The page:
Trump-Putin Meeting: Helsinki’s Cold War History
U.S. President Donald Trump and Russian President Vladimir Putin will hold their first summit on July 16 in Helsinki, Finland.
The meeting comes at a time of uneasy relations between their countries.
In recent years, the two sides have disagreed about a number of issues. They include Russia's involvement in the Ukraine conflict and its support of Syrian President Bashar al-Assad. In addition, United States officials have accused Russia of attempting to influence the 2016 U.S. elections.
Before Trump arrives in Finland, he will attend a NATO meeting in Belgium, and make stops in Britain and Scotland. Speaking to reporters before he left for Europe, the president predicted his talks with Putin may be the "easiest" during his trip.
While Trump said he "can't say right now" whether Putin is a friend or enemy, he did call the Russian president a "competitor."
Helsinki has a rich history of high-level negotiations between the leaders of the nuclear powers. It will be the fourth time the top leaders from the two sides will meet there. Finland has historically been used as neutral territory since Russia was part of the Soviet Union. It was chosen as a place for the two sides to hold high-level talks on major issues.
Finland fought Soviet forces during World War II and signed a cooperation deal with the Soviet government in 1948. Before the Soviet Union collapsed, Finland permitted Soviet influence on its national and international policies, while officially keeping its independence.
The Finnish government sought to keep an even balance between the Soviet Union and the United States. Both powers used Finland as a base for intelligence-gathering operations.
Finland often offered Helsinki as a meeting place for negotiations between the Soviet Union and Western nations. In an effort to be seen as truly neutral, Finland never joined NATO or the Warsaw Pact, the defense treaty signed by the Soviet Union and its allies.
Mikko Majander is a Finnish historian. He told Radio Free Europe that Finland sought an "active policy" of neutrality. "Finland was between the blocs, East and West," he said. "And by offering good services to international diplomacy, kind of strengthened its position."
Helsinki's most famous security summit came in 1975, with U.S. President Gerald Ford and Soviet leader Leonid Brezhnev. The meeting resulted in the signing of an agreement known as the Helsinki Accords. These were a set of guidelines - including territorial issues and human rights – on ties between the United States, the Soviet Union and 33 European countries.
Brezhnev and Ford also held arms-control talks at their Helsinki summit. Then U.S. Secretary of State Henry Kissinger described those talks as "very useful."
Jussi Hanhimaki is a Finnish historian with the Graduate Institute of Geneva. He said the 1975 summit represented a "major goal of Finnish diplomacy in the early 1970s."
The next meeting of U.S. and Soviet leaders in Helsinki took place in September 1990. That is when U.S. President George Bush met with Soviet leader Mikhail Gorbachev. Their talks mainly dealt with a major international event at the time, Iraq's invasion of Kuwait.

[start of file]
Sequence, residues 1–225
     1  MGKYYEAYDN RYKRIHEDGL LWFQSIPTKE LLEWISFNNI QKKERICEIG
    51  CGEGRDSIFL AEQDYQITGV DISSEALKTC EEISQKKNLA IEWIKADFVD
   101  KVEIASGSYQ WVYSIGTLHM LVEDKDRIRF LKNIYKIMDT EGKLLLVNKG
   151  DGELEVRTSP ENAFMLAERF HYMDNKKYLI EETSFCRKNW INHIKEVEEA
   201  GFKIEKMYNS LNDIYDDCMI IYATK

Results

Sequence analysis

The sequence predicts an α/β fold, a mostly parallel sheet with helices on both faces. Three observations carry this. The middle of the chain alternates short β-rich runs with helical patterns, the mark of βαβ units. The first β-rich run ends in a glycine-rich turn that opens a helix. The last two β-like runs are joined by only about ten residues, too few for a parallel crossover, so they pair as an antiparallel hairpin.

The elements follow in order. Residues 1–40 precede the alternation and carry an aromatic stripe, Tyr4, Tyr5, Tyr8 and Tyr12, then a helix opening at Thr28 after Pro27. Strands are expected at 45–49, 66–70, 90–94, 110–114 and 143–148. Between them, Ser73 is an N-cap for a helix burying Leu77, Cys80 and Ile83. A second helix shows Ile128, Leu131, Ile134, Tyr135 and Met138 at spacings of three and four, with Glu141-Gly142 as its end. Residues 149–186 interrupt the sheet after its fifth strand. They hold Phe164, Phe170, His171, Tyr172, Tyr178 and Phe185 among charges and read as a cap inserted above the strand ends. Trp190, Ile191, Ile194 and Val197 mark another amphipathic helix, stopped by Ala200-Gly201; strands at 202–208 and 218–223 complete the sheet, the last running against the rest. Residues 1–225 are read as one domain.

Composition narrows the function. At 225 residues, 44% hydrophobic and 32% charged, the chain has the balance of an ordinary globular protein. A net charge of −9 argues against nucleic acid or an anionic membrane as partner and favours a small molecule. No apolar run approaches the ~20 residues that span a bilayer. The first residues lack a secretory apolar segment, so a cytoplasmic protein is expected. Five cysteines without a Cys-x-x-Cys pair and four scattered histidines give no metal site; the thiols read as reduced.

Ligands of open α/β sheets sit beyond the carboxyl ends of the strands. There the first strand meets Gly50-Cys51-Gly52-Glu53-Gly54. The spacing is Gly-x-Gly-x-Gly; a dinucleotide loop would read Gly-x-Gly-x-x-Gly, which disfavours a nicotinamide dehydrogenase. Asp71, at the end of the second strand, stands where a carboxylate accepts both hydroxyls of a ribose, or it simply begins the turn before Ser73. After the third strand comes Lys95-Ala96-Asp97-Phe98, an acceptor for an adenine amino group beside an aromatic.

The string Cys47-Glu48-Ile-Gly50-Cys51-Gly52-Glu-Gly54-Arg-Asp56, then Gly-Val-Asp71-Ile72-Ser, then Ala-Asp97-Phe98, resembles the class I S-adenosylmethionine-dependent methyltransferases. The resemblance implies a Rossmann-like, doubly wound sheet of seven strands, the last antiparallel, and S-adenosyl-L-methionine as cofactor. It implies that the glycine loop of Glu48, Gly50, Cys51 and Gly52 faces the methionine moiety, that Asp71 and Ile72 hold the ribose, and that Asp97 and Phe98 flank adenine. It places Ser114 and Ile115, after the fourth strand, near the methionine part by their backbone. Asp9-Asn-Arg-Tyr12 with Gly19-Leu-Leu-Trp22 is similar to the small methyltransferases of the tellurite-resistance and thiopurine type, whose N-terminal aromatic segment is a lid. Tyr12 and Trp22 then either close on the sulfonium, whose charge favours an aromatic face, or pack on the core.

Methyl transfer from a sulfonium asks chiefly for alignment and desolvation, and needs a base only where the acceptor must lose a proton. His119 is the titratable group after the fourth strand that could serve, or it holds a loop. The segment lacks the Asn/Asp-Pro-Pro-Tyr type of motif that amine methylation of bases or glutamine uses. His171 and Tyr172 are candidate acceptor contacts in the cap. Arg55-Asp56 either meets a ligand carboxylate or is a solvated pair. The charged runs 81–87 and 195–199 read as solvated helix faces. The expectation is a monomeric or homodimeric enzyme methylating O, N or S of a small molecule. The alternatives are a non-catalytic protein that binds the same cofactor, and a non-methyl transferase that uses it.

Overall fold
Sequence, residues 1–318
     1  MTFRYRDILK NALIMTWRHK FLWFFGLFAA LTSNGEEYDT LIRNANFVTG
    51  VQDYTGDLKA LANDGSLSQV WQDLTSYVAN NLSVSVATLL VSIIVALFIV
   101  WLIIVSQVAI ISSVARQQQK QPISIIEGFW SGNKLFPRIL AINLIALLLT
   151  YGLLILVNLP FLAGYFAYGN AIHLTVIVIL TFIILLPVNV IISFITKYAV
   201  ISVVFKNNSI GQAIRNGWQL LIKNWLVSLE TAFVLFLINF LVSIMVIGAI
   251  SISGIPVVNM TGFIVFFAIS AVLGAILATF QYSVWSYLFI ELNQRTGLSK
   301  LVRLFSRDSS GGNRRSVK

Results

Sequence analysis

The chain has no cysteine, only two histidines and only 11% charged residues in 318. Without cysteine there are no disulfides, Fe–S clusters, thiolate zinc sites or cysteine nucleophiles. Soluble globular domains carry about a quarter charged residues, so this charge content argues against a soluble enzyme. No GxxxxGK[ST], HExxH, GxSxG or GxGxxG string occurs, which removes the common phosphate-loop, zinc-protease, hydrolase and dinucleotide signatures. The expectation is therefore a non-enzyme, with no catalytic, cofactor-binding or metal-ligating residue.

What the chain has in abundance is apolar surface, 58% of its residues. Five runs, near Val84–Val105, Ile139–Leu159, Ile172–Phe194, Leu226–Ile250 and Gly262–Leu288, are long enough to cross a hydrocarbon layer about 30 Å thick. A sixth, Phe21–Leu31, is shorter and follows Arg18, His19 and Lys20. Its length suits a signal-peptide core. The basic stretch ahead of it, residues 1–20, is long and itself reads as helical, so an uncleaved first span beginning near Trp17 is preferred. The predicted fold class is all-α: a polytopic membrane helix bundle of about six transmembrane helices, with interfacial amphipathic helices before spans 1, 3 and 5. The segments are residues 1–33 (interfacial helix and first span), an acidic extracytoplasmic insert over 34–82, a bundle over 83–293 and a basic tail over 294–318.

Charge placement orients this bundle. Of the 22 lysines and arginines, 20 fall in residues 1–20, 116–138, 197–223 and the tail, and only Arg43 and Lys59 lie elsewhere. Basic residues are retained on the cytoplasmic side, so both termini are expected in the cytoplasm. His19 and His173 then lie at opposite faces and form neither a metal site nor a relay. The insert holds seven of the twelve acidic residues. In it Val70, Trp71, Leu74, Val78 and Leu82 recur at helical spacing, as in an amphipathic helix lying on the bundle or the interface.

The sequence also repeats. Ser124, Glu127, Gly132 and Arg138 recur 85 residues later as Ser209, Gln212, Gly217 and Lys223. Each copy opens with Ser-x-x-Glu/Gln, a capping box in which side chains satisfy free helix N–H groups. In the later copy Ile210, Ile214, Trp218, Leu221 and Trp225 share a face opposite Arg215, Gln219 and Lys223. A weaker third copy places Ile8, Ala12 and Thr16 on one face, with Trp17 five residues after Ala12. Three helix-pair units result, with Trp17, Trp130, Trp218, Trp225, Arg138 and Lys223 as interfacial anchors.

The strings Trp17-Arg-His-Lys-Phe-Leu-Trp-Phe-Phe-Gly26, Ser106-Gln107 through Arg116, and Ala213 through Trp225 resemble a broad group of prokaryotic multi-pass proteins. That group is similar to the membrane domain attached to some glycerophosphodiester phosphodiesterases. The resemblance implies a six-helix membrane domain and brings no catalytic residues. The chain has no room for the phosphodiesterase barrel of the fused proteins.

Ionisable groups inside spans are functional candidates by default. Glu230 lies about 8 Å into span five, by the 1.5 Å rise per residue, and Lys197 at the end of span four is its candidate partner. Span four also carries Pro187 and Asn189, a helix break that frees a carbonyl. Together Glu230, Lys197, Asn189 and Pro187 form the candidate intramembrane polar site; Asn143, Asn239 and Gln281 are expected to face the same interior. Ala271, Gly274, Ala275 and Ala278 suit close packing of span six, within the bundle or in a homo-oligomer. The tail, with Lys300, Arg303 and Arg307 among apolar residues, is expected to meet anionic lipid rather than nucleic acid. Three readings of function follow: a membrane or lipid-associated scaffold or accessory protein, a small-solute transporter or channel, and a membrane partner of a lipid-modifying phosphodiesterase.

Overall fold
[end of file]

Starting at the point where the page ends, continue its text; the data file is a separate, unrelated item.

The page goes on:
Two years earlier, then U.S. President Ronald Reagan, stopped in Helsinki on his way to Moscow for a summit with Gorbachev. During his three-day visit to Finland, he declared in a speech there was "no true international security without respect for human rights."
The most recent summit in Helsinki was held in 1997. It involved U.S. President Bill Clinton and Russian President Boris Yeltsin. They discussed several major issues, including Russia's strong opposition to NATO expansion into nations once belonging to the Soviet Union.
Finland joined the European Union following the collapse of the Soviet Union, but has still not joined NATO. It is now part of the alliance's Partnership for Peace program, which permits Finnish troops to take part in NATO peacekeeping operations.
I'm Bryan Lynn.
1.at a time of 在...的时候
Customers are drawing in their horns at a time of high interest rates.
2.belong to 属于
Earls, princes, and kings belong to the nobility.
3.major issues 重大问题
Peace and development are two major issues in the world today.
4.international security 国际安全
China's armed forces are the initiator and facilitator of and participant in international security cooperation.
5.In an effort to be seen as truly neutral, Finland never joined NATO or the Warsaw Pact, the defense treaty signed by the Soviet Union and its allies.
In an effort to 为了...
Mass burials are now under way in an effort to ward off an outbreak of cholera.
He finally left home in an effort to counter the tyranny of arranged marriage in the old society.
6.It is now part of the alliance's Partnership for Peace program, which permits Finnish troops to take part in NATO peacekeeping operations.
take part in 参加
Cadres have gone down to different grass-roots units to take part in manual labour.
They returned to take part in the season's opening game.
近年来，双方在一些问题上存在分歧，其中包括俄罗斯卷入乌克兰冲突及其对叙利亚总统阿萨德（Bashar al-Assad）的支持。此外，美国官员指责俄罗斯企图影响2016年的美国大选 。
赫尔辛基曾多次举办过核大国领导人之间的高层谈判。这将是美俄最高领导人第四次在此举行会晤 。自俄罗斯成为苏联一部分以来，芬兰一直被作为中立领土 。双方选择在此就重大问题举办高层会谈 。
芬兰经常把赫尔辛基作为苏联与西方国家谈判的会晤场所。为了实现真正的中立，芬兰从未加入北约（NATO）或《华沙条约》（Warsaw Pact），后者是苏联及其盟国签署的防御条约 。
米科（Mikko Majander）是芬兰历史学家。他告诉自由欧洲电台，芬兰寻求一种“积极的中立政策” 。他说：“芬兰身处东、西两大阵营之间，通过向国际外交提供良好的服务巩固其地位 。”
尤西（Jussi Hanhimaki）是日内瓦研究生院的芬兰历史学家。他说，1975年的峰会是“20世纪70年代早期芬兰外交的主要目标” 。
1990年9月，美苏两国领导人在赫尔辛基举办了第二次峰会。时任的美国总统老布什会见了苏联领导人戈尔巴乔夫 。会谈主要讨论了当时的重大国际事件——伊拉克入侵科威特 。
最近一次在赫尔辛基举办首脑峰会是在1997年。这次会议包括美国总统克林顿以及俄罗斯总统叶利钦 。他们讨论了几项重大问题，包括俄罗斯强烈反对北约向苏联曾经的所属国扩张 。